TIFF highlights: ABACUS

A great start to my run at this year’s Toronto International Film Festival—ABACUS: Small Enough to Jail. Steve James’s documentary about the only U.S. bank to be criminally indicted in the wake of the 2008 subprime mortgage crisis is a David and Goliath story about a family’s fight to save its business and clear its name—at the price of $10 million in legal and court costs.

Abacus founder and chairman Thomas Sung with daughters Jill Sung, CEO (centre) and Vera Sung, director.

Abacus founder and chairman Thomas Sung with daughters Jill Sung, CEO (centre) and Vera Sung, director.

Thomas Sung, who arrived in the United States in his teens and trained as a lawyer, opened Abacus Federal Savings Bank in New York City’s Chinatown in 1984 to help fellow Chinese immigrants secure loans to buy homes. The film follows the five-year ordeal of Sung and his four daughters, three of whom now run Abacus, after the bank was charged with falsifying loan applications. The Sungs never disputed that fraud took place at their bank. When they uncovered it, they reported it to the regulator and fired the employee behind it.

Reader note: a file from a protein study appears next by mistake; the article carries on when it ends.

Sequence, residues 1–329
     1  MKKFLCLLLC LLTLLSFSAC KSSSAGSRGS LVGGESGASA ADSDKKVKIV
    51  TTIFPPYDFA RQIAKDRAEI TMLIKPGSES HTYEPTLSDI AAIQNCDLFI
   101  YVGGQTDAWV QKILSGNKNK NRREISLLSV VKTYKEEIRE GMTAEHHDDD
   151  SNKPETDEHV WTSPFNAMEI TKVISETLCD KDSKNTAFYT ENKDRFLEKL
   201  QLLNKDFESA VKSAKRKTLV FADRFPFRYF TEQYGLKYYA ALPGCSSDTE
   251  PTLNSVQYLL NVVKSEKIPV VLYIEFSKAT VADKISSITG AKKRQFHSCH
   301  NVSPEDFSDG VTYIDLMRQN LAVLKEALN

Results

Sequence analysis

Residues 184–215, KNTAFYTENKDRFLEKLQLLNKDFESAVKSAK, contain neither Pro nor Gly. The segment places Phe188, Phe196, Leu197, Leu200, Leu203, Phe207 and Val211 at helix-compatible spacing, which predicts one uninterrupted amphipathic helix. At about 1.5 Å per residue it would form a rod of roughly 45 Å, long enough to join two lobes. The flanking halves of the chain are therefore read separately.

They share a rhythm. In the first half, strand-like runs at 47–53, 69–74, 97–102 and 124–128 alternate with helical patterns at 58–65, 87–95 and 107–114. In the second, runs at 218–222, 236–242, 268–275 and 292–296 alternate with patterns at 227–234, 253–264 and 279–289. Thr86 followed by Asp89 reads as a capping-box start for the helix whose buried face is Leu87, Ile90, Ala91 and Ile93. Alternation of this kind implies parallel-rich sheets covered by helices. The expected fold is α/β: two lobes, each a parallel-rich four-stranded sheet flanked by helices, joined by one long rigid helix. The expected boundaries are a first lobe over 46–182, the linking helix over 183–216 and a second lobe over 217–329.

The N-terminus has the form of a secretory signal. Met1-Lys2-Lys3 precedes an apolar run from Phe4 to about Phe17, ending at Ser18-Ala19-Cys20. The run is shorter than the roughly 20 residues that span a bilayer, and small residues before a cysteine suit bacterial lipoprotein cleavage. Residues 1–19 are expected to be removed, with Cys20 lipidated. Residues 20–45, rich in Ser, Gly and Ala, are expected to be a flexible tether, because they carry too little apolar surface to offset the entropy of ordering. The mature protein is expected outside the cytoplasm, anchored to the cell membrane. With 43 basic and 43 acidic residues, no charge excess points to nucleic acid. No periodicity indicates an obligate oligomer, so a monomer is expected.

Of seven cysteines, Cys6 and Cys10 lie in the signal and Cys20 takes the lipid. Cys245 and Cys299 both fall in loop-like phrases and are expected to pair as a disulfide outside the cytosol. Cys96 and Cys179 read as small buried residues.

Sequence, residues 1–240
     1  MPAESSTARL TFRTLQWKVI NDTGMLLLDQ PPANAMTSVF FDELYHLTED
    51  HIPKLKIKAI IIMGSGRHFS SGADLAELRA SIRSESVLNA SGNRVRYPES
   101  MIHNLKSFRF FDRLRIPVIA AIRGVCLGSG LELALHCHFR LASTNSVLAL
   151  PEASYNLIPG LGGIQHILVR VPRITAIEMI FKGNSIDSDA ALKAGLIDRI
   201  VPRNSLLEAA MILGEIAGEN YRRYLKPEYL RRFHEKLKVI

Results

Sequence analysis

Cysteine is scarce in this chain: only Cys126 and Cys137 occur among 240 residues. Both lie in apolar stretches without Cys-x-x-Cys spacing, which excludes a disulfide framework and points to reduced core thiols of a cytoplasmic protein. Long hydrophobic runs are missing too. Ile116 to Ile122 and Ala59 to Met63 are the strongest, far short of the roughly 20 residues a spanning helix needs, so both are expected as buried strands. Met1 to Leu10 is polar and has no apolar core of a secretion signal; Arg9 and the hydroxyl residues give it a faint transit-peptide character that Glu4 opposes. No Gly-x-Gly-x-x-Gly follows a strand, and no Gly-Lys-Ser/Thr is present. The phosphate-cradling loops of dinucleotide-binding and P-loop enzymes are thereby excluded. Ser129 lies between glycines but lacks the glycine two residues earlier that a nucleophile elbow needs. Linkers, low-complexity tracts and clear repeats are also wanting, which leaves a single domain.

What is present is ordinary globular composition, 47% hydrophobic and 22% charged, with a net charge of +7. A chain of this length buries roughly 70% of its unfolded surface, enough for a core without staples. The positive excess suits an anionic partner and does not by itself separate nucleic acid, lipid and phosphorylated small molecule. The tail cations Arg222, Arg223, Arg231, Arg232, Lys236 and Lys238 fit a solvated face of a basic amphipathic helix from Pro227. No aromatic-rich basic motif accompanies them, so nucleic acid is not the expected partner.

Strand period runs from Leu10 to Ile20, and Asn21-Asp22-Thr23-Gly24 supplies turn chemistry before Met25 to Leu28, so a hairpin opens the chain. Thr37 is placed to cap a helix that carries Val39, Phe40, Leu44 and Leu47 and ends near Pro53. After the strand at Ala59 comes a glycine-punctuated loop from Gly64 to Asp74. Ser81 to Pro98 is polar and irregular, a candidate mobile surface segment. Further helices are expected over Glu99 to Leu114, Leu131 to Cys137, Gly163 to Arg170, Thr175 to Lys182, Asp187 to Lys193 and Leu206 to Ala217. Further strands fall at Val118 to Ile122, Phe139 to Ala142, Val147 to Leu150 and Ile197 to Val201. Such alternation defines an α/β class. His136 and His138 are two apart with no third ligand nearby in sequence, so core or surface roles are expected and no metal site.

The story got virtually no coverage outside of NYC’s Chinese American media.

James captures lovely family moments as the daughters go to bat to defend their family’s honour and its contribution to the Chinatown community. This family refused to be a scapegoat for the large financial institutions that needed taxpayer rescue.

Sung, his wife Hwei Lin, and their daughters were at yesterday’s world premiere, and received standing ovations.



About rosemarymccracken

Rosemary McCracken is a Toronto-based journalist and fiction writer.
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